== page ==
Driving offences also have points that can lead to disqualification. For most people, however, that only matters with repeat offences and it is the fines that are the principal punishment. Magistrates do have now the authority to impose higher fines but the latest statistics suggest this is not done as often as it might. Too many offences are dealt with relatively light fines that are not much of a deterrent given the relatively low probability of an individual ever been caught. Increasing the level of fines significantly could lead to a marked increase in income from this source.
It is very important to make the courts accessible to those who can least afford it. Court fees are increasingly being used but they are invariably flat rate fees of relatively small amounts. A divorce case involving multi-million pound settlements come with court fees of £550. Such a fee may be appropriate in, for example, a child custody case. However the increasing number of cases from overseas are putting an significant demand on our court system and there is a strong case for making the court fees relate to the sums of money involved.
The same is true for commercial cases although there here there is no fee at all even if the case involves vast sums of money and engages extraordinarily expensive counsel. Again, setting up court fees in a proportionate way will produce no disadvantage to the poor but lead to a substantial increase in income for the Ministry of Justice. Setting fees proportionate to the sums of money involved in the case makes every possible sense. Given that there are approximately 450,000 civil and family cases heard each year in England and Wales this is something that needs to be taken seriously.
The legal system in the UK is under considerable stress. This leads to great delays in making judgements. If an action involving substantial sums of money is not settled by mediation of some sort then the threat of significant court fees will be further encouragement to settle out of court.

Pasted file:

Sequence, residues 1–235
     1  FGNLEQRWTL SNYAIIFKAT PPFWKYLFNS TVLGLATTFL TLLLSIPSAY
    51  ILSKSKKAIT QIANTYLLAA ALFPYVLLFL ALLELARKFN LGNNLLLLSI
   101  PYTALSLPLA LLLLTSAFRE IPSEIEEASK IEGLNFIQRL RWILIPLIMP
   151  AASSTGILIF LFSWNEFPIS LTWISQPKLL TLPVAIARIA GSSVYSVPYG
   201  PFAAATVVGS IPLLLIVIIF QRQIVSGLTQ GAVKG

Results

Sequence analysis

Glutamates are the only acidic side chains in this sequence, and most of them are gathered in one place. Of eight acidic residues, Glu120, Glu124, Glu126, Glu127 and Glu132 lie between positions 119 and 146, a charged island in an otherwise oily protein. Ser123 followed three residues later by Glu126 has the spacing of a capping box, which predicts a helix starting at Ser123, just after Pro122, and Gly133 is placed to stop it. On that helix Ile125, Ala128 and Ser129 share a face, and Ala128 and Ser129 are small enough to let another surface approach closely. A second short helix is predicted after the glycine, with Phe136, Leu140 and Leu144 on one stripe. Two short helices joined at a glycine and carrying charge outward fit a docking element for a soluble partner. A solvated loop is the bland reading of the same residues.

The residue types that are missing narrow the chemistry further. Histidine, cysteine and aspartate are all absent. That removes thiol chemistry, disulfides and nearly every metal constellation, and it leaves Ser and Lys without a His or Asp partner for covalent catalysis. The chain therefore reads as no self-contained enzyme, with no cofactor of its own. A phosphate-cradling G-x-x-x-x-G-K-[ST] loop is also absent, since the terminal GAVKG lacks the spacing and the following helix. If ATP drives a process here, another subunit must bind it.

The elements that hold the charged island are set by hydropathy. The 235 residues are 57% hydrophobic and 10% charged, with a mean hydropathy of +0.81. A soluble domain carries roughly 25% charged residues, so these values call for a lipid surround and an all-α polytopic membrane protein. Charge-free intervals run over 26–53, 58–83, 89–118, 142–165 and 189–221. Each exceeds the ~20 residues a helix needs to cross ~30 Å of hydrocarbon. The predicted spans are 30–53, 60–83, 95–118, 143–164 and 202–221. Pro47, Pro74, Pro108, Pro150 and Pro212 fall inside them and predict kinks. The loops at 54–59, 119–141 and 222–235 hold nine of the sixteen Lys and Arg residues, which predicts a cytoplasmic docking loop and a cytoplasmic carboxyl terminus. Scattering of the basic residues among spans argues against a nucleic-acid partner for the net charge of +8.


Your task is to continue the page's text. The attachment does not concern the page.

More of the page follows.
There are further inequalities in access to justice. Large organisations such as companies and government departments can bring substantial firepower to their legal representation in court. Legal aid is intended to compensate to some degree, but the threat of very substantial costs awards can further discourage legal action by individuals or small companies and organisations. Capping the award of costs to equal the costs of the plaintiff would be one way of achieving an “equality of arms” (so that both sides are represented comparably in a case).
The income derived from these increased charges would allow most of the legal aid cuts to be restored.
There is one other area of concern with the present justice system and that is the much wider use made in the UK of custodial sentences. The rate of imprisonment in the UK is nearly 3 times that of several other Western European countries. The agenda of many popular newspapers and the right-wing of the Tory party emphasises revenge, punishment and “keeping the public safe” . There is little concern about other aspects such as prisoner education and rehabilitation to minimise subsequent reoffending. The progressive creep in the lengths of prison sentences has led to even greater overcrowding than before. It is important to look again at the sentencing guidelines. Suggestions for how this might be done within the existing sentencing guidelines can be found at: http://outsidethebubble.net/2017/03/14/rethinking-the-british-prison-system-reducing-the-population/, but thinking much more creatively about the sentencing guidelines could be very productive as well.